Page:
Fadila Henry explores the weight of life's worries in this short vignette, and that ever-present desire to flee.

by Fadila Henry

I want to leave but I can’t go.

I wear the load of this life around my neck like a millstone. The heaviness pulls me down and I sink into the ever present quicksand, my muscles weak from countless fights to free myself. Urgency nags at me, shadowing my every move, distorting all the connections I make so I don’t create another reason to stay. For if I am alone I can leave when the moment comes for me. For if you are alone you will remain driven to go, it whispers at my back. I push this feeling away, it’s not as easy as it seems, I shout in reply but I am shouting into the void, my voice echoes back to me, strangled.

At night there is a ghost who packs my bag for me, half-asleep I hear the zip glide closed and when I wake the bag looks up at me, expectant, waiting. I resist every impulse I have to pick it up and just run. Instead, I throw the bag into the darkness at the back of my closet.


I know each crack on my street personally and every streetlight that flickers to life at 6 PM, every inch of gneiss and glass and tangled brambled clump. I see the way the old decrepit houses, drooping from neglect, stand obsequiously next to ornate mansions that ascend and disappear into the clouds. I’ve named every lonesome flower that peeps out at the world from both the smooth and battered concrete and I have watched the sky show off every splendiferous mood it has to offer above this place but nothing has brought me closer to it.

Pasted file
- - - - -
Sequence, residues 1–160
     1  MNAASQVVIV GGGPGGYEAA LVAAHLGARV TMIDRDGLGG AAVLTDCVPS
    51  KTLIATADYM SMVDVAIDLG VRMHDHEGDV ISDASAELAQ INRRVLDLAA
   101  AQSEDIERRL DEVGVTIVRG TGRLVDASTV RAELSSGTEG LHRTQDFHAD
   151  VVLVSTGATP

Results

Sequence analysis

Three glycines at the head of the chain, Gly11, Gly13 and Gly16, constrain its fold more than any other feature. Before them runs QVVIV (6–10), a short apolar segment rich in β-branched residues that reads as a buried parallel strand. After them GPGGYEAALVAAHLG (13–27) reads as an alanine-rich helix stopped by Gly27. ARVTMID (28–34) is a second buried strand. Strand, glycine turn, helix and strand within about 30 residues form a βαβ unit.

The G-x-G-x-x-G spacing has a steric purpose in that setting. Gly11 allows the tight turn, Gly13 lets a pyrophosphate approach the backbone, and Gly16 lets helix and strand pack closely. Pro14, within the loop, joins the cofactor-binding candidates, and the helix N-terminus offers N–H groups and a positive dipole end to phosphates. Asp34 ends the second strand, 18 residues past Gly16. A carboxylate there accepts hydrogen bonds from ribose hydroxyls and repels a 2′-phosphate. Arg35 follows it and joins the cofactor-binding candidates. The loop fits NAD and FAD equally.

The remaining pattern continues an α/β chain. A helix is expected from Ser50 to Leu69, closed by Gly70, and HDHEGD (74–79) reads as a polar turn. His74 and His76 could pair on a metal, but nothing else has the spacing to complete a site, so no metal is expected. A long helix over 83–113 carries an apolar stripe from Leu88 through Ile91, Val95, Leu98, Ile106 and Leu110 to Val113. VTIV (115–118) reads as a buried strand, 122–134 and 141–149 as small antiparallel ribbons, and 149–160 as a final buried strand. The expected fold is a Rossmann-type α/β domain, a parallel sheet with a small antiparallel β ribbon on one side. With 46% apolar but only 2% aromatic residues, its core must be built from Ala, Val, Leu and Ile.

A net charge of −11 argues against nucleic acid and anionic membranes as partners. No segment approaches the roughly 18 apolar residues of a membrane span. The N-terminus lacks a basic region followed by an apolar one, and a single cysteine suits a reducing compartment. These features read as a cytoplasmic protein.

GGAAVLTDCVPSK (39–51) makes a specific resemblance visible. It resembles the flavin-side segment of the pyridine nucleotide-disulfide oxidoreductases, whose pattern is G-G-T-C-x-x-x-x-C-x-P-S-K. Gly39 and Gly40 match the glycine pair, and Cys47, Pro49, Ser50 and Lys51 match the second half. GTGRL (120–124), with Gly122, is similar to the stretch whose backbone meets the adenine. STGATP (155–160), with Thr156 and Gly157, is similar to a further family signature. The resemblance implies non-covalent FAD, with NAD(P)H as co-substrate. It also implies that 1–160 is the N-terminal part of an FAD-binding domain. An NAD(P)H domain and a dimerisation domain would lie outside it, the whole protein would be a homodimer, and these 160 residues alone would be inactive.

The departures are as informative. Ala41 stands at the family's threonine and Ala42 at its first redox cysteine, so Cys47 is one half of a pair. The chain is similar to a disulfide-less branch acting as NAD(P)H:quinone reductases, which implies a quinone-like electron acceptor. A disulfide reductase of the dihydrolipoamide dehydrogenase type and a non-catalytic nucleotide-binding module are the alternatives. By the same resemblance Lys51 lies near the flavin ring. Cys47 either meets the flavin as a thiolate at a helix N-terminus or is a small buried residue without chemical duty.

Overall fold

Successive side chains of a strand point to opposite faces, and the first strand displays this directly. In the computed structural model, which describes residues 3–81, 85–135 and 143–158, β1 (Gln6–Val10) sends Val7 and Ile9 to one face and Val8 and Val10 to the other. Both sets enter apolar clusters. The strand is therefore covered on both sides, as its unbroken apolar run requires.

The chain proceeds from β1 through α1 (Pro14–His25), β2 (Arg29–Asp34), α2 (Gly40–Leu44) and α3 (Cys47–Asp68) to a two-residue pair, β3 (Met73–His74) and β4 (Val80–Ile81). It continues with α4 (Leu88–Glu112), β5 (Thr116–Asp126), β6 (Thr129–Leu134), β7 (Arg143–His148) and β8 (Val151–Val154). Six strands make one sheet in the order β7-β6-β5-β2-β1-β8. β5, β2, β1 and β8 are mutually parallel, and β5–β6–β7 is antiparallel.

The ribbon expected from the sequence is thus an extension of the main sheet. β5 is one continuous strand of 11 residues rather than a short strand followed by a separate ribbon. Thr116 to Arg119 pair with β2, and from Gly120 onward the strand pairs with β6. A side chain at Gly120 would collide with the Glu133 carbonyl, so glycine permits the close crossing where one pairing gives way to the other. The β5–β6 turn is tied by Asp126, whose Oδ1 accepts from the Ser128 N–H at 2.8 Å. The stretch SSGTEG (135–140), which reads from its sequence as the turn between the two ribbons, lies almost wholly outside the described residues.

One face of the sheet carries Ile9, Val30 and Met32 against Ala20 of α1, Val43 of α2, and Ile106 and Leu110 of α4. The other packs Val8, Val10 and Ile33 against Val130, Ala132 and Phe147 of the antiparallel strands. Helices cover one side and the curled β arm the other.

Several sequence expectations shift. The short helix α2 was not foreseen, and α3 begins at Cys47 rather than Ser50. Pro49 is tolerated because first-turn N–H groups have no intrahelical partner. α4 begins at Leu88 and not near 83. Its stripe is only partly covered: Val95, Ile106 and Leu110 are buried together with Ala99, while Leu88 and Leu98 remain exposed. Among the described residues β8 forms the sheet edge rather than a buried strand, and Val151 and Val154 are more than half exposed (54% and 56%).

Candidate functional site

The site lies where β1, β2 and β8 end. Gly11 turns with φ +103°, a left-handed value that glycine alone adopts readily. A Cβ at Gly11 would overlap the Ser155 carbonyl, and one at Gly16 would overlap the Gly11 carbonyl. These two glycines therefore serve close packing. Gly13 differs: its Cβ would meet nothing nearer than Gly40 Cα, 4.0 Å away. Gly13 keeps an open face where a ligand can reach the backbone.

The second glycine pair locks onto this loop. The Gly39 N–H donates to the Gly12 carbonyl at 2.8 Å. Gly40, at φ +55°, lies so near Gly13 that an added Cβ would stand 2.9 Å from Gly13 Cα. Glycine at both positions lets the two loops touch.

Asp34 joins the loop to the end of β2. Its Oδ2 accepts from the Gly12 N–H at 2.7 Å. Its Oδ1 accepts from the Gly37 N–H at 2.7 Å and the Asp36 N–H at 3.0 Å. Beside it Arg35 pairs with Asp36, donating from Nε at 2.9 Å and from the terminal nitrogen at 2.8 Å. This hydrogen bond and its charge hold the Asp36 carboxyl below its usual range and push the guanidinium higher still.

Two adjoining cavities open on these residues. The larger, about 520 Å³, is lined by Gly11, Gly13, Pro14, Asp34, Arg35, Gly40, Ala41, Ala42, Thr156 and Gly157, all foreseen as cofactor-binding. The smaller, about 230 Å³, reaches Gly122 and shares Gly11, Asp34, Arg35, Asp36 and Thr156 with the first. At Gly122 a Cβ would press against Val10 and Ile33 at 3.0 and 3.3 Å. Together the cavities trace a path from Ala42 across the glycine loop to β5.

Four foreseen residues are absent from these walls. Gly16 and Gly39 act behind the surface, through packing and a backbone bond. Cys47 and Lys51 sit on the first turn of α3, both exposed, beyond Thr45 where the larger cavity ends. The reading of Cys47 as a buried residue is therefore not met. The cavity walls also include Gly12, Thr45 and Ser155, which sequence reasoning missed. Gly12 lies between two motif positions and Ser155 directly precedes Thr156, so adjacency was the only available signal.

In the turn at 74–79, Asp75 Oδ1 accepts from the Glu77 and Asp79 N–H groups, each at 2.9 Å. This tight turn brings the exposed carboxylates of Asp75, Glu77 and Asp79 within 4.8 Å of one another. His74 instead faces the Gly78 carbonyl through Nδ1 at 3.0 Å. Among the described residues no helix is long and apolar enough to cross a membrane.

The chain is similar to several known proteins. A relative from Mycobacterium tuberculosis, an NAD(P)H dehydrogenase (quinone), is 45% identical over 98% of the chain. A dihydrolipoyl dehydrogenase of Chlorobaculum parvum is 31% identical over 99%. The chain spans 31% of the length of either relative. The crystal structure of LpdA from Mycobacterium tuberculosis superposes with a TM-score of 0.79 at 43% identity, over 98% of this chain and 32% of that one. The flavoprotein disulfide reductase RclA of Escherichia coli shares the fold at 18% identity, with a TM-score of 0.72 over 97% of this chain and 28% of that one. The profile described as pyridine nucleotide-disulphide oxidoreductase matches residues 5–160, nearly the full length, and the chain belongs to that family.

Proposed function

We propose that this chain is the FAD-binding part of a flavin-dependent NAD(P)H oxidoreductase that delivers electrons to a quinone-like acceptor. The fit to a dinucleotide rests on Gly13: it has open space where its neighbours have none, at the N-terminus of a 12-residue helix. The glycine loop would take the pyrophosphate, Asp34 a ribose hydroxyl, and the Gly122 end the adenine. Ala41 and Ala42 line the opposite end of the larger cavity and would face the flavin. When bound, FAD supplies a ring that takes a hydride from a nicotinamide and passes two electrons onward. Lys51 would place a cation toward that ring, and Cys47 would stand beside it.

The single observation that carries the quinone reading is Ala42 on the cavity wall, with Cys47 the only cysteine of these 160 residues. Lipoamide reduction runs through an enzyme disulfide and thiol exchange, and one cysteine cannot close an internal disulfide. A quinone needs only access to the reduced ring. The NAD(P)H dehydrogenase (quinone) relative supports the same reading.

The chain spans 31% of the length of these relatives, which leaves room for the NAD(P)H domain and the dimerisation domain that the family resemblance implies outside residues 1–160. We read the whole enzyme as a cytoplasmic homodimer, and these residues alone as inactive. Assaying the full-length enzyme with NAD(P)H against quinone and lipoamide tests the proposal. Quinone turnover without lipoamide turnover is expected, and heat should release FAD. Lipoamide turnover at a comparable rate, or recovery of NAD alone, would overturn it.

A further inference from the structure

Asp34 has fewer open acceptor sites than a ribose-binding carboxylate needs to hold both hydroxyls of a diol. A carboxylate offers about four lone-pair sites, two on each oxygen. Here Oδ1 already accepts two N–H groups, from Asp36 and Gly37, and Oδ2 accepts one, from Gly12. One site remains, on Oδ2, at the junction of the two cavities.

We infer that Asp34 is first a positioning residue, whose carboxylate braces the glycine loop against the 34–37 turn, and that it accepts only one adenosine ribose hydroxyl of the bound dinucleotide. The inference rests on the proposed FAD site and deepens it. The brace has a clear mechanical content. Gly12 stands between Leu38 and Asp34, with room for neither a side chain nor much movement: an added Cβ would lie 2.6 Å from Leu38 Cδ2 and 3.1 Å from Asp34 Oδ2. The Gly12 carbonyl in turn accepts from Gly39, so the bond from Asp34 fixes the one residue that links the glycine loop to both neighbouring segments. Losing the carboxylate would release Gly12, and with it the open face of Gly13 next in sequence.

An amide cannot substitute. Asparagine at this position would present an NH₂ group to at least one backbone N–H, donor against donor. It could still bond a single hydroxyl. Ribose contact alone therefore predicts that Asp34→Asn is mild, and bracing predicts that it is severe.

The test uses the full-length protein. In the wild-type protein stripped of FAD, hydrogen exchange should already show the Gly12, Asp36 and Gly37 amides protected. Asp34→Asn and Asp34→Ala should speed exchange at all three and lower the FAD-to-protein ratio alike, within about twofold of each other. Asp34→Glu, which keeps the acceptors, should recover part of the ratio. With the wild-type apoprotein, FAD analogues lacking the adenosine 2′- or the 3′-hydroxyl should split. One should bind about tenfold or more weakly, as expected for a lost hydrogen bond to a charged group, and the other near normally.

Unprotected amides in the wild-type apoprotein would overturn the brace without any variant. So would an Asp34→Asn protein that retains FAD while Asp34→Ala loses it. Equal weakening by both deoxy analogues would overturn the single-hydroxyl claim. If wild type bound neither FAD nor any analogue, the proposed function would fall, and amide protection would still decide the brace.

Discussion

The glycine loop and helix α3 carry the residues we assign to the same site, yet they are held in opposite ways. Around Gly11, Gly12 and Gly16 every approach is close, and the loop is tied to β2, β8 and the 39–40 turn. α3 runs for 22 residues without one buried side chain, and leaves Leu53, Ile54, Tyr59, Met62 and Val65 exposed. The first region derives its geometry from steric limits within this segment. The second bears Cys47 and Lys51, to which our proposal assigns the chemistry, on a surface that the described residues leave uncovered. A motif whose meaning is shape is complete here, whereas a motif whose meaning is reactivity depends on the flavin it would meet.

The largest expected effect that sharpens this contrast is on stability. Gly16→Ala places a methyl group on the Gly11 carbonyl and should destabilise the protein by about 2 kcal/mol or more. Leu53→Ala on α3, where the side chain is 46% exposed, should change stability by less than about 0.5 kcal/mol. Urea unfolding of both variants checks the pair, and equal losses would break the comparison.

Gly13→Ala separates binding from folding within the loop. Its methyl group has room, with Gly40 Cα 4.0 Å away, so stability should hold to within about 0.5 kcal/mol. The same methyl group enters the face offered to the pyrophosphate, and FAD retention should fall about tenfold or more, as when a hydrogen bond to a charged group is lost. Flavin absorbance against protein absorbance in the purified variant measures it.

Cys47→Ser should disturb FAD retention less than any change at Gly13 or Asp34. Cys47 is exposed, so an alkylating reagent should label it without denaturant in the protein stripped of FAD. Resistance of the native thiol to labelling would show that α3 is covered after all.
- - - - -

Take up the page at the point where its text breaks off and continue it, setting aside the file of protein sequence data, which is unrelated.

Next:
I do not belong here.

The more I push at the feeling the more it pulls me into it. I wake up most nights because I am worried. Will I ever know where I belong? I look into the darkness above, the moon and I stare vacantly into each other’s face. If not this place, if not this suburb in this city in this land then where? I shriek into my mind into myself. But all shouts disappear into the void.

The millstone tugs at my neck – a reminder of the weight of the things I cannot escape: promises, marriage, children, aging parents, work, debt, the relentless flow of bills that keep me securely tied down – the rope cuts into my flesh.

Freedom is the blade I cannot get my hands on yet.

Fadila Henry | @apricotpinks |

Fadila is a writer and blogger who spends far too much of her time watching Seinfeld reruns. She also is a feminist specialising in defending all Singletons everywhere.



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